There are three different sets of conditions under which it is possible to produce a spatial image with the aid of a spherical concave mirror. These conditions are:

(l) The object is placed between the center of curvature and the observer. The image, located between the center of curvature and the principal focus, is then real, inverted and diminished.

(2) The object is placed at the center of curvature. The image, located at the center of curvature, is then real, inverted and the same size as the object.

(3) The object is placed between the center of curvature and the principal focus. The image, located between the center of curvature and the observer, is then real, inverted and magnified.

If the object be placed at the principal focus, no image will be formed in practice, although theoretically the image will be formed at infinity. If, finally, the object be placed between the principal focus and the mirror, the image will be formed behind the mirror surface. It will, accordingly, be virtual, upright and magnified.

In the present invention we are mainly concerned .with arrangements for producing the conditions designated (2) and (3) above.

In achieving these and other objects, the present invention in one of its aspects provides a mask or housing for shielding from the view of the observer an object to be displayed and the optical arrangement for producing an image of the object. One very convenient and eifective way of achieving this optical image of the object to be displayed is by obtaining an illustration of the object or other matter to be displayed by photographic or other suitable means. Of course, the object itself may be used if desired. This illustration, laterally inverted, is then printed on or secured to a suitable opaque support such as a thin sheet of cardboard or metal which support is then mounted in front of a spherical concave mirror. The vertical dimension of this support should not exceed the radius of the mirror so that the entire height of the illustration will be used in forming the spatial image.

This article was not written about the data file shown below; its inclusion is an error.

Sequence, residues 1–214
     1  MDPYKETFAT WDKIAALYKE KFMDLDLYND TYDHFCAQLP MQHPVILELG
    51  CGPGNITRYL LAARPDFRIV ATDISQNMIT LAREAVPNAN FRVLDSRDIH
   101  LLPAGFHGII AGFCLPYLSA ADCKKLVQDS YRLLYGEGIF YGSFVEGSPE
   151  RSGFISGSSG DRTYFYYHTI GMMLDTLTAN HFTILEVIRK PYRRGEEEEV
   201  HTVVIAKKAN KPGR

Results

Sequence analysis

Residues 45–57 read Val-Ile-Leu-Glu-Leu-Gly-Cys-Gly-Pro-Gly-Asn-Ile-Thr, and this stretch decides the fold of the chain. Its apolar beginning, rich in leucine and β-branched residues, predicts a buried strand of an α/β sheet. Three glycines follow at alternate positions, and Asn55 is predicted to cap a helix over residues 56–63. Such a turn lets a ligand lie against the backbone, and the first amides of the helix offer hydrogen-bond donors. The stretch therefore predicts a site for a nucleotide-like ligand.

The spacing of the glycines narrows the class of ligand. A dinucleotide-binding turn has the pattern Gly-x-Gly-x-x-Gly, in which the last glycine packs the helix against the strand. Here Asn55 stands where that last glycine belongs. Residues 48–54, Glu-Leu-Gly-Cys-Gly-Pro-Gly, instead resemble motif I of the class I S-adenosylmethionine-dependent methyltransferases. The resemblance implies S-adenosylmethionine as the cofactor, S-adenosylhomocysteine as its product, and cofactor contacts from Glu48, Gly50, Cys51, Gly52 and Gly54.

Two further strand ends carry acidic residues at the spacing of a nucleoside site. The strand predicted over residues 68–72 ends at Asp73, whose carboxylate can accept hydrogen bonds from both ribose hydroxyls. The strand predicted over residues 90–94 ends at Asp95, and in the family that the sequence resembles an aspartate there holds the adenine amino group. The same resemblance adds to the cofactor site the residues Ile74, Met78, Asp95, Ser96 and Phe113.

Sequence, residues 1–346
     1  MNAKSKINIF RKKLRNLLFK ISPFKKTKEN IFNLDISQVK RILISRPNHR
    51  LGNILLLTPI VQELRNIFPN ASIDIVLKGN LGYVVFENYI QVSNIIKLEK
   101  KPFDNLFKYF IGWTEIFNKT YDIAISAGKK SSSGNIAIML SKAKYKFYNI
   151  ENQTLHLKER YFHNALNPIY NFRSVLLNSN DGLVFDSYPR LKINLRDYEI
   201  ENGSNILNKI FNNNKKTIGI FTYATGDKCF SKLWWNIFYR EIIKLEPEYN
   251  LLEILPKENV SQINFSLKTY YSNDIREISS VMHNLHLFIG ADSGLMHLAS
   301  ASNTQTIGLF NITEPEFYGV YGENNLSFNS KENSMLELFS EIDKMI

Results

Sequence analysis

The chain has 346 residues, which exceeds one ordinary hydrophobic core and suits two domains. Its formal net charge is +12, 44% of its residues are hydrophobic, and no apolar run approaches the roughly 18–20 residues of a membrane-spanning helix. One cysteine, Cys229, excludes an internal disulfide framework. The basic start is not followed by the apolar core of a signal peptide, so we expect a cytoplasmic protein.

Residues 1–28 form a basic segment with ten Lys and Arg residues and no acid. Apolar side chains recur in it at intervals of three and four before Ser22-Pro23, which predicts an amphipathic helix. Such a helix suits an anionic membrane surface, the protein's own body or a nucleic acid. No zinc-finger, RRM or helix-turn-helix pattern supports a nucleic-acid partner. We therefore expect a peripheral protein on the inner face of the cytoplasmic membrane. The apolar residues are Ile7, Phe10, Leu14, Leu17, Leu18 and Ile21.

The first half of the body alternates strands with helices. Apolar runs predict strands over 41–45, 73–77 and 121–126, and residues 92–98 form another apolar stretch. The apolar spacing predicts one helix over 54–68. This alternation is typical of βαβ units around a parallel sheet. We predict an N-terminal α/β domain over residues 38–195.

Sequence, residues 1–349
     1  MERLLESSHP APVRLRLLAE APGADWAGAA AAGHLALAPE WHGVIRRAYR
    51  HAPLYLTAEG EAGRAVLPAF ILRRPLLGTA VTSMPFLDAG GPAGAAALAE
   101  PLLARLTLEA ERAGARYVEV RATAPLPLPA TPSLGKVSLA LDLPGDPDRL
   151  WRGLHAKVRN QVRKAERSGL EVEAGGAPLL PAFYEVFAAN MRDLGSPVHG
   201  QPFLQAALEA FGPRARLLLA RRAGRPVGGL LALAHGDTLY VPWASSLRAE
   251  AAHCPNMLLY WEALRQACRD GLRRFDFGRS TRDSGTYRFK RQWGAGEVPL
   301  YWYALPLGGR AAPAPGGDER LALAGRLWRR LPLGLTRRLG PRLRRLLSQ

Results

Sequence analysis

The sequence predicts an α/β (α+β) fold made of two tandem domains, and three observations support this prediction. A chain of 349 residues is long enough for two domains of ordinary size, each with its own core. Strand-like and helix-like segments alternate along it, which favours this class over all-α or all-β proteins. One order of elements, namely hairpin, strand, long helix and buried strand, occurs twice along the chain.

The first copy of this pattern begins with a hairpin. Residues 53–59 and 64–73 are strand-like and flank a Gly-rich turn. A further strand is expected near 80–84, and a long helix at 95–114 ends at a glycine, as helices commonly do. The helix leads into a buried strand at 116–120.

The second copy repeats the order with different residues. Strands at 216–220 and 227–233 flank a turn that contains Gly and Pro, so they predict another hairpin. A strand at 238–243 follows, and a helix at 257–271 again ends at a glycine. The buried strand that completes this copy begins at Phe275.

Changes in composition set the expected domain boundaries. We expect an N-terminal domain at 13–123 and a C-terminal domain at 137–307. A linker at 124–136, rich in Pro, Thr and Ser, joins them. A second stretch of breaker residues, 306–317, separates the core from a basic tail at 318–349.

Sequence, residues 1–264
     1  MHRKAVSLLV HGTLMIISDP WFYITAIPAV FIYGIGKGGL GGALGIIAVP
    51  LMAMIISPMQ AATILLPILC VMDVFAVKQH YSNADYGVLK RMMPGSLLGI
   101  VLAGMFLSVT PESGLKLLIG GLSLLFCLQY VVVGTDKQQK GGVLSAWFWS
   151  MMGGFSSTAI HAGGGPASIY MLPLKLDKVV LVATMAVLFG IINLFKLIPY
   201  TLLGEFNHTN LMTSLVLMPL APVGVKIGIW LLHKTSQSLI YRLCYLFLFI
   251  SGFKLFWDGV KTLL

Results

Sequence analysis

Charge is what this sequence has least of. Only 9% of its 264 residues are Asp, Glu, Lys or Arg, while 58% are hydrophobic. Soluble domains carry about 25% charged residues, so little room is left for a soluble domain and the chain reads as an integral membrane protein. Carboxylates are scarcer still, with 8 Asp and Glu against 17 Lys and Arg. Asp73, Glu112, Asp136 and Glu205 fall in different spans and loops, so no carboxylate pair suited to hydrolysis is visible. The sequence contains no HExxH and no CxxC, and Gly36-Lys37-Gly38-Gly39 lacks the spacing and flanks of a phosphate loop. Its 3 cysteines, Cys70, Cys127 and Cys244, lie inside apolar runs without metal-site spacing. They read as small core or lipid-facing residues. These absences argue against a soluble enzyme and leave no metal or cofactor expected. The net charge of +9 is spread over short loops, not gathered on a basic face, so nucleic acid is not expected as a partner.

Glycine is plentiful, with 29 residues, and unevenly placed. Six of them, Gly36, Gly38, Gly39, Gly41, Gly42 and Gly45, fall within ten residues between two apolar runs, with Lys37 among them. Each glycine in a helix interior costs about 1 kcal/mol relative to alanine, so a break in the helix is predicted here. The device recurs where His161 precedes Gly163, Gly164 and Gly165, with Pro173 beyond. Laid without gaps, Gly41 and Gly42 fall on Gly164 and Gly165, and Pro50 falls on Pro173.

To describe this arrangement more particularly, the card is arranged in an upright position at or near the center of curvature of the concave mirror. The card should be so disposed that the illustration is upside down and facing the mirror so that the lower end of the card is at substantially the same horizontal level as the lowest point on the circumference of the mirror. By tilting the mirror slightly away from the observer, or by tilting the card slightly towards the observer, or by a combination of both movements, a suitable angle between the card and mirror will be found at which the image of the illustration appears in space above and clear of the card. The image will, moreover, be correctly oriented about both the vertical and horizontal axes, the actual illustration being, of course, hidden from view by a mask or, if desired, by the housing to be described in greater detail hereinafter.